A model of proliferative human restenosis was developed in domestic pigs by using deep injury to the coronary arterial media. Metal wire coils were delivered percutaneously to the coronary arteries of 11 pigs with an oversized, high-pressure (14 atm) balloon and were left in place for times ranging from 28 to 70 days. During placement, the balloon expanded the coils and delivered them securely within the arterial lumen. Light microscopic examination of the vessels confirmed fracture of the internal elastic lamina by the coil. An extensive proliferative response occurred in 10 of the 11 pigs and was associated with a luminal area narrowing of at least 50% in all but one pig. The histopathologic features of the proliferating response were identical to those observed in human cases of restenosis after angioplasty. Immunohistochemical studies confirmed the prominence of smooth muscle cells in the proliferative tissue. A similar response was obtained in two of five porcine coronary arteries in which balloon inflation only was performed, without coil implant. This model is practical and inexpensive and closely mimics the proliferative portion of human restenosis both grossly and microscopically. Thus, it may be useful for understanding human restenosis and for testing therapies aimed at preventing restenosis after balloon angioplasty or other coronary intervention procedures.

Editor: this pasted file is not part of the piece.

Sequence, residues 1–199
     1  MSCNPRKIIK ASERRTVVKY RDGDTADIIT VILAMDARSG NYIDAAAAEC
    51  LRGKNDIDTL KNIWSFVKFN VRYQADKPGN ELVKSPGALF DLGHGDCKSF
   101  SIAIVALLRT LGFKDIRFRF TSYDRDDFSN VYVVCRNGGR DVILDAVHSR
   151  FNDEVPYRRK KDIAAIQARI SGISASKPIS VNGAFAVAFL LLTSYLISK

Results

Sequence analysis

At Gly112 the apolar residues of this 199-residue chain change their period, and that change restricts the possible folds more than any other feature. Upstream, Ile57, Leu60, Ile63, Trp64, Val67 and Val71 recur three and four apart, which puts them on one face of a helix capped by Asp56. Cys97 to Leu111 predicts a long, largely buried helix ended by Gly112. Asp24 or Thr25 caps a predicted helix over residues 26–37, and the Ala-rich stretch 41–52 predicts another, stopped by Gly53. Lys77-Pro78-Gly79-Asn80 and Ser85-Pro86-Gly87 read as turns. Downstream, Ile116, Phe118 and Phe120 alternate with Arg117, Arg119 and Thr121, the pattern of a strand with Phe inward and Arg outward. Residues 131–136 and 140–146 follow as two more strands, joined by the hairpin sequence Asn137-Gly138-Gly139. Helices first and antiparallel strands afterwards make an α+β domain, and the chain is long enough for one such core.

- coronary artery disease
ASJC Scopus subject areas
- Cardiology and Cardiovascular Medicine
- Physiology (medical)